BLACK lives matter. Undeniably so. And so do white lives, those of brown and yellow skinned people too, plus, dare I say it, the lives of people like me, the product of a young, newly-minted Pakistani naval officer (born Indian and just four years a Pakistani following partition in 1947) and the rather brave young Englishwoman who married him nearly 70 years ago. Since then there has been progress on race but not enough.

We were all appalled by the viral video of George Floyd’s death. Among the St Mary Bourne chatterati there was a shaking of heads as we puzzled over yet another bizarre aspect of the American way. The UK demos were another thing entirely. Black lives matter, but clearly not enough to properly social distance. Predominantly young demonstrators calculated they themselves were at minimal risk but appeared oblivious to the prospect of infecting older and other vulnerable lives. They matter too.

A minority targeted police as “part of the problem”. Comparing British police with Minnesota’s law enforcers let’s remember the infamous Mayor Daley’s words when someone had the temerity to criticise his Chicago police. Comparing British police with those of Minnesota, Mayor Daley would have said is like, “Comparing chicken salad, with chicken sh*t!” What suitable soubriquet for the violent mob who desecrated the Cenotaph and Churchill’s statue and criminally pulled down Colston’s statue in Bristol? Next day, inevitably, an older black council worker cleaned up the graffiti not the youthful perpetrators. Queer sort of job creation scheme.

Whilst knowing what they’re against, the demonstrators don’t seem to have much idea about what they’re for; how to achieve their Nirvana. Here’s Voltaire in Candide: “Let dreamers dream the worlds they would, those Edens can’t be found. We’re neither pure, nor wise nor good, we’ll do the best we can.” But we must do better.

In our ordinary world, Hampshire continues to lead the quest for a vaccine. Trials out of Southampton University look promising. Now they need volunteers over 70 and, with the UK’s success in reducing infection, for subsequent trials stages researchers are looking to Brazil, where the pandemic is still raging. President Bolsonaro, with his faith in the anti-viral power of prayer, can’t be all bad. There’s still talk of a vaccine by September. We’ll see.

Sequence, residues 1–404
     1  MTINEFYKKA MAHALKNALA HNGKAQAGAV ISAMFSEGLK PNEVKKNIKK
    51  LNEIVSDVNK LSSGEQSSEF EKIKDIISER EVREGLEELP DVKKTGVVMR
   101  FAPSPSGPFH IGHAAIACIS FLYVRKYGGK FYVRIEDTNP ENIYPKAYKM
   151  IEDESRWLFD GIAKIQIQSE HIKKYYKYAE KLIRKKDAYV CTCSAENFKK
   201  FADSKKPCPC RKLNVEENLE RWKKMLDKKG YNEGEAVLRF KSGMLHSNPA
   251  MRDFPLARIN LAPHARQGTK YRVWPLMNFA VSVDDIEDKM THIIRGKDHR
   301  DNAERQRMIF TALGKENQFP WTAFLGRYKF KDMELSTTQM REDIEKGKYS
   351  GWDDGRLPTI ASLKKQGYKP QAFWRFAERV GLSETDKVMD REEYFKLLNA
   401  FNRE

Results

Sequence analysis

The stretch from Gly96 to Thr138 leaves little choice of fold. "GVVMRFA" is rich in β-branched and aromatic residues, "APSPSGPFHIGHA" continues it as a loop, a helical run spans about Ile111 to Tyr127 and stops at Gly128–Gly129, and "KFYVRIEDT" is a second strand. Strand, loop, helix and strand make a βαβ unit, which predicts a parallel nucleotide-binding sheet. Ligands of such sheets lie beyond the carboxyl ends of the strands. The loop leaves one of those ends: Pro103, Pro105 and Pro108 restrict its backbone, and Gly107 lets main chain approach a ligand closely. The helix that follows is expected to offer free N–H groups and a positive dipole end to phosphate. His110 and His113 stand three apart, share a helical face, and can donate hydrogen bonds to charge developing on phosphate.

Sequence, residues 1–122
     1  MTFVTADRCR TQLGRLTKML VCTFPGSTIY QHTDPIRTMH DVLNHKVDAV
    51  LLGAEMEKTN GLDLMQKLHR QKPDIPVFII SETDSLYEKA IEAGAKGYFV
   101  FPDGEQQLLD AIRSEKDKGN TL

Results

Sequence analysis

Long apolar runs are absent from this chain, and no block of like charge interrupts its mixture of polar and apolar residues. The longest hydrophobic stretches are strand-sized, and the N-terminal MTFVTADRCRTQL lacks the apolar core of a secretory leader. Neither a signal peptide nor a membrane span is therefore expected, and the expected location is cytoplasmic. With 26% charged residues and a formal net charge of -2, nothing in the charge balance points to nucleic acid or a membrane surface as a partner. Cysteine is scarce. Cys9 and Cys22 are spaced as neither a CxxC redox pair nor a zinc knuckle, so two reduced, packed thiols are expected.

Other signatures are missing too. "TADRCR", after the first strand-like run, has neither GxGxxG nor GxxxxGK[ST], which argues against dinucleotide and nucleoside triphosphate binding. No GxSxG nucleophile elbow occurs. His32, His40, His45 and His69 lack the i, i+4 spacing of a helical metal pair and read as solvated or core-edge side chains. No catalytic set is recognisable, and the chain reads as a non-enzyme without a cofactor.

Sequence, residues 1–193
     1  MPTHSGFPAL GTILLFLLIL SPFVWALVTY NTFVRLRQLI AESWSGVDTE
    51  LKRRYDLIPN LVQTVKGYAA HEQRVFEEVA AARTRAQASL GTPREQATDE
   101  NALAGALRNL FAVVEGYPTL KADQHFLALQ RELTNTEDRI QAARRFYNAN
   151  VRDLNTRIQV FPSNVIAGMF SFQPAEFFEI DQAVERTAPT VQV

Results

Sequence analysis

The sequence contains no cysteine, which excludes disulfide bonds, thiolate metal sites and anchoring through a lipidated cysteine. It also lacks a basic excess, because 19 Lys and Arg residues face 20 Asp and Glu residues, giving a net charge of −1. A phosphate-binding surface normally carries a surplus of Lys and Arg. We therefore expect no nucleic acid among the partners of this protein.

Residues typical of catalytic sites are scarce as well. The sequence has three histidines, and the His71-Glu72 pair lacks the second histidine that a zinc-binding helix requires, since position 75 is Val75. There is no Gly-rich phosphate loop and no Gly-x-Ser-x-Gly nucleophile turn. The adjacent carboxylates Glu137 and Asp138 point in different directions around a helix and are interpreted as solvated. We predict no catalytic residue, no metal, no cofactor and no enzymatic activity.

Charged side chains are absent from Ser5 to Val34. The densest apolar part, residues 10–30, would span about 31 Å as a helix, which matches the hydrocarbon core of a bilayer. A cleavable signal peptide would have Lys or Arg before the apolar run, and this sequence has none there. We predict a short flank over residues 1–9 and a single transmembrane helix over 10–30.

The economy-driven easing of lockdown means, essentially, we are now playing a mass game of “chicken”. The test, trace and track campaign seems to have stalled. The Isle of Wight app trial has also gone quiet. Technology can offer solutions but you need the will to make such solutions work. Technology could have solved the socially distanced voting issue in Parliament. Instead we witnessed the risible sight of MPs queuing for a kilometre taking 90 minutes to vote as opposed to the few seconds offered by an electronic system. If our leaders cannot get their own house in order what hope is there?

Trouble up the valley at Vernham Dean. Some meanie complained to the parish council that drinkers were illegally gathering on the forecourt of the pub to consume pints. Currently off-sales only are permitted. The result? Knots of drinkers now spread themselves throughout the centre of the village. I hope the complainant is satisfied.

Back in St Mary Bourne, consternation in the village shop at the absence of watercress. It’s normally supplied by Vitacress who grow acres of the stuff on the southern edge of the village. With lockdown staff shortages, cress had failed to make the half mile to the shop. A quick call to the MD and we’re assured normal service is being restored. Such small gains make life bearable.